Skip to content

HandyDART services disrupted by lack of buses, online reservation problems

web1_handydart
B.C. Transit has been using taxis to offset the shortage of HandyDART buses, according to the union that represents HandyDART drivers.
HandyDART, a key transportation service for the elderly and people with disabilities, has taken its reservation system offline, and it’s having a “big impact” on the people who rely on the door-to-door service, an advocate says.

Ellen Tarshis, executive director of Community Living Victoria, said changing the reservation system and re-routing everything to Transit’s call centre — and a switch to using more taxis recently — are affecting many clients with intellectual disabilities who attend community inclusion, employment and youth programs in the region.

She said most of the disabled clients use HandyDART to access services, but lately they’ve been arriving by taxis at Community Living Victoria on Cedar Hill Cross Road in ­Saanich.

B.C. Transit said in statement on Thursday the HandyDART reservation system has been temporarily taken offline “out of an abundance of caution” due to a recently discovered software flaw that has also hit many federal government services.”

“Our IT team is working on the issue,” Transit said. “The temporary shutdown was done to ensure our customers’ information remains safe and secure.”

Transit has issued several disruption notices for its regular bus service each day over the past month, and earlier this month took down all printed schedules at bus stops, saying at the time a driver shortage has made it difficult to judge bus arrival times.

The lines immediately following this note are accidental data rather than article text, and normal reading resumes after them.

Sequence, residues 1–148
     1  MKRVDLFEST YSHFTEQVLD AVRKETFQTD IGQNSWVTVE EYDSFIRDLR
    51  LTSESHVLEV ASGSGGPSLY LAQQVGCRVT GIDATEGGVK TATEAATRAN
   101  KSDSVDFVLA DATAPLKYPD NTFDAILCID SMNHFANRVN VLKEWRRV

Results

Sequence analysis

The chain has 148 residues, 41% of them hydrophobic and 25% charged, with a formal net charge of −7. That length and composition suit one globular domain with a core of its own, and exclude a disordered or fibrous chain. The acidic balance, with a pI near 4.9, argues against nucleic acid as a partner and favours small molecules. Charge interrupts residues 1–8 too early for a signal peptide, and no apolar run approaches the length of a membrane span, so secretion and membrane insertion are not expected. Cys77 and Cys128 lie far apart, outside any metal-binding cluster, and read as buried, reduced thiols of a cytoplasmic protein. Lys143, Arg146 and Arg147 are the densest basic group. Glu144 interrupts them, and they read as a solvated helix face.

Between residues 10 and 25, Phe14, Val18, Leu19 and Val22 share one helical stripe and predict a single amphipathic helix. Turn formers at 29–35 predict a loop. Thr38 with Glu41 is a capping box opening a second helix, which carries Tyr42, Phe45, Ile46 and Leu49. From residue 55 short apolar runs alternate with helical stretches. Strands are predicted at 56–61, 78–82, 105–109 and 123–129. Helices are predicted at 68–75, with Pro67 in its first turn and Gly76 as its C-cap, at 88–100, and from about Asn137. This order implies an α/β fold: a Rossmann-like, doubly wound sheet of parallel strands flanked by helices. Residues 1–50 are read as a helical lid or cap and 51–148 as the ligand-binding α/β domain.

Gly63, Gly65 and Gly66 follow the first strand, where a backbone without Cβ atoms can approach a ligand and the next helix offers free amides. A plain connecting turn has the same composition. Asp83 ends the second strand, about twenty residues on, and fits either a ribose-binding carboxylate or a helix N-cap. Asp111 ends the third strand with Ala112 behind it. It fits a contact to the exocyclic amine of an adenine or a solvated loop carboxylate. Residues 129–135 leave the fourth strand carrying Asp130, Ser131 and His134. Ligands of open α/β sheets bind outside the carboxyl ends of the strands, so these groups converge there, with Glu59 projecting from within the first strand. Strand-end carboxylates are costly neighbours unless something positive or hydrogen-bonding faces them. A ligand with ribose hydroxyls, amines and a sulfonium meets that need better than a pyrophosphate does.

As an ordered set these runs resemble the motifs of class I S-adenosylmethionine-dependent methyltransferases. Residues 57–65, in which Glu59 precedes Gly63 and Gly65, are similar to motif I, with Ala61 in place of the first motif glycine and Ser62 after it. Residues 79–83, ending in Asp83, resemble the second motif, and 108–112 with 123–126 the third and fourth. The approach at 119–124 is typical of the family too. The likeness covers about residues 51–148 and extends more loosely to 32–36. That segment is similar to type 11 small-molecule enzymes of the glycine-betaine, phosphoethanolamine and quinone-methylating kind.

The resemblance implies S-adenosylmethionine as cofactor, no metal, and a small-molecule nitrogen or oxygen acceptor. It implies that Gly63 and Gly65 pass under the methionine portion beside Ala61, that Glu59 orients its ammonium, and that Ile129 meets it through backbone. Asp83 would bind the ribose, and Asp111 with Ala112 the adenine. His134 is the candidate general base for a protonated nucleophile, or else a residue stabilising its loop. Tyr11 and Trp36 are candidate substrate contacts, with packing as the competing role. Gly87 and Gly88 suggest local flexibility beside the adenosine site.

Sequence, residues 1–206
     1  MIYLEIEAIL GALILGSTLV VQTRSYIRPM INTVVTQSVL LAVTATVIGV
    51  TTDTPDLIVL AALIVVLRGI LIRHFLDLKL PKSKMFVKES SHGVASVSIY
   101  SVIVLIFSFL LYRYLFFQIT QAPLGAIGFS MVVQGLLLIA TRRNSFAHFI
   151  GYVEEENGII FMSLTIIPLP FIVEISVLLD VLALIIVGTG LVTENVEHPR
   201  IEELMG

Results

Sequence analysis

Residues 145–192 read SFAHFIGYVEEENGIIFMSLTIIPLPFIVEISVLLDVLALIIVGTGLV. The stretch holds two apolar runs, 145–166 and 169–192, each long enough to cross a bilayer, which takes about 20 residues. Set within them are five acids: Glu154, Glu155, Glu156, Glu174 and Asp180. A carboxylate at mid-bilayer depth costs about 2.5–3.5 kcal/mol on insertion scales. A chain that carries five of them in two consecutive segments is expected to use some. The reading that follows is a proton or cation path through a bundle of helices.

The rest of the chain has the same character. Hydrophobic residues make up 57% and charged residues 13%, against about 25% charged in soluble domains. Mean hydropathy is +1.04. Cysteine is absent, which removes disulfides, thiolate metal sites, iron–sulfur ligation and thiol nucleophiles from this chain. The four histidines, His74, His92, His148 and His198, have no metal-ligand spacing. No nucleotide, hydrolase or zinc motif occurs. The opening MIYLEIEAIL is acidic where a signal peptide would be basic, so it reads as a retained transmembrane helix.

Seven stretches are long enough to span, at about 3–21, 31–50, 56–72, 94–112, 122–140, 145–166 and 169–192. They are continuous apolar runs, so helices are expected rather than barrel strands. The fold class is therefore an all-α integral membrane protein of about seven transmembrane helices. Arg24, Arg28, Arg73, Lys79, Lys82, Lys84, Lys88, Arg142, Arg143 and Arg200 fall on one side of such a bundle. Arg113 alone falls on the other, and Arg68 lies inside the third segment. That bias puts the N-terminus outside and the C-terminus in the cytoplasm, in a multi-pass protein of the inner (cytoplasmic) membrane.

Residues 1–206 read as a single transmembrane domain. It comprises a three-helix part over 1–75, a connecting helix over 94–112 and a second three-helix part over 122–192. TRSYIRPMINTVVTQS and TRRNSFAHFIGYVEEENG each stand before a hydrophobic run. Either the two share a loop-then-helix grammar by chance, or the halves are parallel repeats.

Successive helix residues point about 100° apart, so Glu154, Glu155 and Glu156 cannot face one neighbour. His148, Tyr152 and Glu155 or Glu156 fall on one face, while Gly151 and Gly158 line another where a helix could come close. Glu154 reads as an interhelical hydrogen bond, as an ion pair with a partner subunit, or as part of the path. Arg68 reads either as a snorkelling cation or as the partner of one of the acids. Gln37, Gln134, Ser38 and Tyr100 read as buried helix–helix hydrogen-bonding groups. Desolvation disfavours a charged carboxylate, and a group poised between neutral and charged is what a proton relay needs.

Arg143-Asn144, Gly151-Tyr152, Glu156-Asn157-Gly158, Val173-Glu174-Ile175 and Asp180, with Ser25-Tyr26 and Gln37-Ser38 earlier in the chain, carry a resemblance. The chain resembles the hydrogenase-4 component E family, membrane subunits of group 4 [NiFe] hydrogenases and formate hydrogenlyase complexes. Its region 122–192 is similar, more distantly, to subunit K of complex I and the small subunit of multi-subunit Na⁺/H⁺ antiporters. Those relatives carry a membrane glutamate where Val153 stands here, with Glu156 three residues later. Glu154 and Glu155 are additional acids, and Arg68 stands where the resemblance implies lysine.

The HandyDART online reservation system, which has been down for nearly two weeks, is now being handled through a call centre. But the timing of pickups and dropoffs is often not as accurate for those who rely on it.

“It’s having a big impact right across the region,” Tarshis said. “There are hundreds of people with disabilities that go to community inclusion and other programs.”

Tarshis said some clients are arriving too early by taxi, before the Community Living Centre is fully staffed, which can cause stress for those with intellectual disabilities.

“This may not to be difficult for you or I, but for some individuals, it can have their whole day thrown off … their routine is uprooted and it is important because routine keeps order in their lives.”

HandyDART is a door-to-door shared-transit service for people with permanent or temporary disabilities that prevent them from using fixed-route transit without assistance from another person. It’s a heavily used service for those needing to get to medical appointments, go on outings or buy groceries and other necessities.

The system has introduced 29 speciality buses over the past two years, with 16 hitting the road in June.

The 18-seat buses are valued at about $200,000 each. The federal and provincial governments split 80% of the costs of the latest fleet while the Victoria Regional Transit Commission covered the remainder.

Jean Barnes, president of Unifor 333 B.C, which represents unionized transit employees — including HandyDART drivers — was told by B.C. Transit on Wednesday that it is actively hiring drivers, and is currently down six drivers.

Barnes said B.C. Transit has been using taxis to offset the shortage of HandyDART buses for some time, but could use more of the buses.

Transit said Thursday there are no shortages of buses in its system. “We regularly use taxis to supplement the service, and have for decades,” the statement on Thursday said. “We are not currently missing any service due to lack of drivers. We are actively recruiting and have been for months, but this is not causing an impact to service.”

B.C. Transit employs just over 1,000 people, including about 550 bus drivers in Greater Victoria’s regional system.

It issued a mandatory proof-of-vaccination policy Oct. 8, requiring its drivers, mechanics and staff, as well as those working for B.C. Transit’s operating companies and contractors, to have two doses of COVID-19 ­vaccine by Nov. 29.

It said earlier this month that 98% of its employees have confirmed they are fully vaccinated against COVID-19, but did not give specifics on how many were drivers.

dkloster@timescolonist.com